There's no such thing as an idle sensor. What you're referring to is the automatic idle speed motor, (AIS). It is a "stepper" motor meaning the armature doesn't spin like in a normal motor and it doesn't have brushes. It is simply four electromagnetic coils that are pulsed with varying voltages and polarities to place the armature in one of 256 positions, called "steps". As the armature turns, a threaded shaft extends or retracts a pintle valve. As it retracts, it opens an air passage around the throttle blade. That lets more air in. At the same time the Engine Computer holds the injectors open longer during each pulse to let more fuel in. Idle speed is controlled by adjusting the amount of air and fuel going in.
You have two symptoms that likely have a common cause. The problem is either one could cause the other. If you raise engine speed just a little and it starts running smoothly, you likely just have a low idle speed problem. If it still runs rough, the low idle is likely caused by the misfire and that should be addressed first.
To tell if the idle speed motor is working, observe what happens to engine speed when you start it. The idle speed should flare up to 1500 rpm, then come back down to around 800 rpm within a few seconds. If that doesn't happen, you typically will have two other symptoms. You'll need to hold the accelerator down about 1/4" to get the engine started, and the engine will tend to stall at stop signs due to low idle speed.
There's two causes for low idle speed. One is that air passage gets plugged with carbon so no extra air can get through. That was a big problem on some engines many years ago, but with the better additives in today's gas, we don't see much of that anymore. The more common cause on Chrysler products occurs after the battery is disconnected or run dead. The Engine Computer loses its memory and has to relearn "minimum throttle" before it will know when it has to be in control of idle speed. To meet the conditions for that relearn to take place, drive at highway speed with the engine warmed up, then coast for at least seven seconds without touching the pedals.
When the idle speed goes up and down, there's again two things to consider. One is the idle speed motor is staying steady at a specific step, and something else is causing a variation in the amount of fuel going into the engine. The other is the idle speed motor is being moved by the Engine Computer in response to something it is seeing from the sensors. The first one can be caused by a misfiring spark plug, old gas, or a vacuum leak. The second one can also be caused by the computer responding to the increased engine speed caused by that vacuum leak, or an erratic reading from some other sensor.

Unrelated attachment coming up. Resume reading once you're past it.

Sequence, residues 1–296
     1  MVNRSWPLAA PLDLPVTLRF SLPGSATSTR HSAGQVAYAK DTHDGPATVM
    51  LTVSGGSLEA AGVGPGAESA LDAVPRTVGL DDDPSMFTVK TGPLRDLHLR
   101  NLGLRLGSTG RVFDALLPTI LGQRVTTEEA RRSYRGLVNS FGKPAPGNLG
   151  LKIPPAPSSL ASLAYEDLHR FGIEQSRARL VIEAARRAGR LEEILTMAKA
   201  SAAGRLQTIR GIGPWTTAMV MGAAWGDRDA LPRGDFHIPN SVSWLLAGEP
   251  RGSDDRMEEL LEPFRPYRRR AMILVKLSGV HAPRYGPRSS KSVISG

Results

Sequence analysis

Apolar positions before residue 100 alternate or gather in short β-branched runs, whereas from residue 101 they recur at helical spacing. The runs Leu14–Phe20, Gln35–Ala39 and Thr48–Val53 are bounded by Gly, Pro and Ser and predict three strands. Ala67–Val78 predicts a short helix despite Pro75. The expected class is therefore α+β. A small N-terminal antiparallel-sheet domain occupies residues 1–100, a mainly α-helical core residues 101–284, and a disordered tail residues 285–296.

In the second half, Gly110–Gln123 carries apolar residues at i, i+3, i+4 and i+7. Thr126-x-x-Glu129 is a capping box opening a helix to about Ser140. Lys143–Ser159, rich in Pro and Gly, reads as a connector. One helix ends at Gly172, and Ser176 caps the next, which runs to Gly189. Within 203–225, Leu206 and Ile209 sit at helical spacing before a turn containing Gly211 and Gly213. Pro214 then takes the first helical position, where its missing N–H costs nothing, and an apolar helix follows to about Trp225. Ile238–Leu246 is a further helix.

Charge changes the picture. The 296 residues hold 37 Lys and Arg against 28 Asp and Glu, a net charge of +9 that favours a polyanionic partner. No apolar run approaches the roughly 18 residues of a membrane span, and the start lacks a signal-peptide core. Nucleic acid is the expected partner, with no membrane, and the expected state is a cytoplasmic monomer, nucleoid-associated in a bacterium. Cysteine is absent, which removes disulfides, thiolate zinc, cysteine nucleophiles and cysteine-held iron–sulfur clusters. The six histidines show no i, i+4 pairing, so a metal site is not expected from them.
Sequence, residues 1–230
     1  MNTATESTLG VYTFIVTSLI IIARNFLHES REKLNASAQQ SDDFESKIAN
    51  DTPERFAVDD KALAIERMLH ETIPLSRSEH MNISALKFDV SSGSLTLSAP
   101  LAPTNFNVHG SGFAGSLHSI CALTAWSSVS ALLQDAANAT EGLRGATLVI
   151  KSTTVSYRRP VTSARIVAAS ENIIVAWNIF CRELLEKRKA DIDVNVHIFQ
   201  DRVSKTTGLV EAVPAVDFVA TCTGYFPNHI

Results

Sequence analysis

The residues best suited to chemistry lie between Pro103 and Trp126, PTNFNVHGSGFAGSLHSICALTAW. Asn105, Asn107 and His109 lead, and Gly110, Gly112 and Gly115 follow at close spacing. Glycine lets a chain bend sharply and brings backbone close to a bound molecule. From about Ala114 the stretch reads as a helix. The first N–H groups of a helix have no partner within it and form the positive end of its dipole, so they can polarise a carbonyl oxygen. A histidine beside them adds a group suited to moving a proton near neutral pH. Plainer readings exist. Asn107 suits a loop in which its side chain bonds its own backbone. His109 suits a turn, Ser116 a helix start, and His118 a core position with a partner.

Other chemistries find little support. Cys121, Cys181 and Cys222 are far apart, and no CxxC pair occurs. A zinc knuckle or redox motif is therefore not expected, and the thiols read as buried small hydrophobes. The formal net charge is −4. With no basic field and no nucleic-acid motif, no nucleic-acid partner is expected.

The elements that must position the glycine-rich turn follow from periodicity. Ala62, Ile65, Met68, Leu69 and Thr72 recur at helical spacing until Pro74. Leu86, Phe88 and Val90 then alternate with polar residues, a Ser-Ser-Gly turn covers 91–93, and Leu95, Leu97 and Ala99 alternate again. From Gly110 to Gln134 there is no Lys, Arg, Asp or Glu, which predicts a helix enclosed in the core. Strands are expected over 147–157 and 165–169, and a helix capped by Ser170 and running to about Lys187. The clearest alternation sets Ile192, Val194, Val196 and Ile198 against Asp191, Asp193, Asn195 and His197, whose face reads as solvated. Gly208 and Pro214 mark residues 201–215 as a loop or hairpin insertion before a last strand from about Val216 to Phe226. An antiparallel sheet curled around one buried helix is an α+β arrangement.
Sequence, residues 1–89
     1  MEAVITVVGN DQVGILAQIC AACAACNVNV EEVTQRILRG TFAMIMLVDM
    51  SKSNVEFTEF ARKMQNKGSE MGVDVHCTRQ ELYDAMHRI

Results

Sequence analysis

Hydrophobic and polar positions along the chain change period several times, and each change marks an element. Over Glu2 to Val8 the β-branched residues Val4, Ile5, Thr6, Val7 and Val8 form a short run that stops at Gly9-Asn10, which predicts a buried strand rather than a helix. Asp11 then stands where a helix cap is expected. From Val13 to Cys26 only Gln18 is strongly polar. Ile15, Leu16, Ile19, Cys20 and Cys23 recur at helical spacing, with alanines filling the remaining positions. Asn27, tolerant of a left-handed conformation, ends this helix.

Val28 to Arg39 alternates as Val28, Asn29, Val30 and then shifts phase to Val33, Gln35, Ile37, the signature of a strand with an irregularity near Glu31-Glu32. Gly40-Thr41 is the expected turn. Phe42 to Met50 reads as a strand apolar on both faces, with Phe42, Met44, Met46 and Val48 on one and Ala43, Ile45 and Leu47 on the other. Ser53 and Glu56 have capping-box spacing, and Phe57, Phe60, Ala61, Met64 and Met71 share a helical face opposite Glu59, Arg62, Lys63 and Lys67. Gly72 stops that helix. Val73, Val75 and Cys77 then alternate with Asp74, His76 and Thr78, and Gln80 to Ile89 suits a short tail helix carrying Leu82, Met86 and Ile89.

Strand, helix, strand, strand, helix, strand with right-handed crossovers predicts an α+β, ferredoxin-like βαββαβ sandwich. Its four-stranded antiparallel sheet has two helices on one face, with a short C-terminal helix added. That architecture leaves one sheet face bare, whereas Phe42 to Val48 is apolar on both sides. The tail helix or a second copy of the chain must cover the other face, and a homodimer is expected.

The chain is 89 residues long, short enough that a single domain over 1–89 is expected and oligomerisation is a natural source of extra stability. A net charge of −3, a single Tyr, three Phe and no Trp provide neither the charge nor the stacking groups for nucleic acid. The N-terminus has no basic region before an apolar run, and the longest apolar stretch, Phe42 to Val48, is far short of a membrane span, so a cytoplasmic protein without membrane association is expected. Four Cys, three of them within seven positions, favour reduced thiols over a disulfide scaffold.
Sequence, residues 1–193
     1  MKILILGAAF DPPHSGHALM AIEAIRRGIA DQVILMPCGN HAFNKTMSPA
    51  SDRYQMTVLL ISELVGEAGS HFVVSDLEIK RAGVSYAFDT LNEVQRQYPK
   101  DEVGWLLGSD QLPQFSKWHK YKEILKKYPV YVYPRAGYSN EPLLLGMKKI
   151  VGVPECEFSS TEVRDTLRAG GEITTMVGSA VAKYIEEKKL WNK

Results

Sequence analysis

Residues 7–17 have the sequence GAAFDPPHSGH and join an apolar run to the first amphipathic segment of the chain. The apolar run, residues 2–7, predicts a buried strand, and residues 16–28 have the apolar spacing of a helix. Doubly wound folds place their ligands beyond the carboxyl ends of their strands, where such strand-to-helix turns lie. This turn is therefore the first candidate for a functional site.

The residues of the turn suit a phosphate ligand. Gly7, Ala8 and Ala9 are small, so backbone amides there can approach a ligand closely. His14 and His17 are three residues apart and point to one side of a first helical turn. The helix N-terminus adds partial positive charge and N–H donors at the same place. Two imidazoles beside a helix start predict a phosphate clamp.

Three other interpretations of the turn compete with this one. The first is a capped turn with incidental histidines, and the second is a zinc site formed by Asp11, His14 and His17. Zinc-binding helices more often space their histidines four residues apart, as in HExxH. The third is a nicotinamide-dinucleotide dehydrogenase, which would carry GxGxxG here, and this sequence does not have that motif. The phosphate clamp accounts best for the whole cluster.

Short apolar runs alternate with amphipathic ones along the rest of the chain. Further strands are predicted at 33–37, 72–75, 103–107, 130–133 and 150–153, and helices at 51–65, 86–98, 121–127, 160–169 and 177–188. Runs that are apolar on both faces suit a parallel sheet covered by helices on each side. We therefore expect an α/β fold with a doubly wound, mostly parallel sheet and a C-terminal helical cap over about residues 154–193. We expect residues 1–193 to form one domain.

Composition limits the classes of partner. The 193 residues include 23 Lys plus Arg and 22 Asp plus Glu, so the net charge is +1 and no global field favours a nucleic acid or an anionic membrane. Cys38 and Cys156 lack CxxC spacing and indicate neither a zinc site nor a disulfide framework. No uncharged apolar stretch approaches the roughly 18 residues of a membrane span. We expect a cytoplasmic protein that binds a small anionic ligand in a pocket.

Your mechanic will connect a scanner to view live data and see what the computer is seeing and responding to. He can also get an idea of what's happening by watching those idle steps. Step 32 is typical for a properly running engine. With one spark plug misfiring, the computer will put the AIS motor at about step 50 to maintain proper idle speed. When the idle speed is varying a lot, you have to determine if the AIS steps are causing the idle speed to vary, or if the idle speed is varying and the computer is adjusting the AIS motor in an attempt to correct the speed. One way to tell is to unplug the AIS motor. That will set a diagnostic fault code and turn on the Check Engine light, but since it can't move, the idle speed can't be adjusted. If it does still vary, there is some other condition causing it that needs to be diagnosed. If the engine speed holds reasonably steady, it was varying due to something the computer was reacting to. That's where watching the sensors' readings on the scanner is useful. A vacuum leak usually shows up as a lean condition from the oxygen sensor. A cylinder misfire can usually be heard and felt. An intermittent coolant temperature sensor will cause intermittent changes in idle speed. That was real common on Ford products. A map sensor that's starting to fail can provide erroneous readings that make the computer calculate the wrong amount of fuel. That usually results in pretty big swings in engine idle speed, and those sensors rarely take more than a day or two to fail completely.
Wednesday, September 10th, 2014 AT 4:11 PM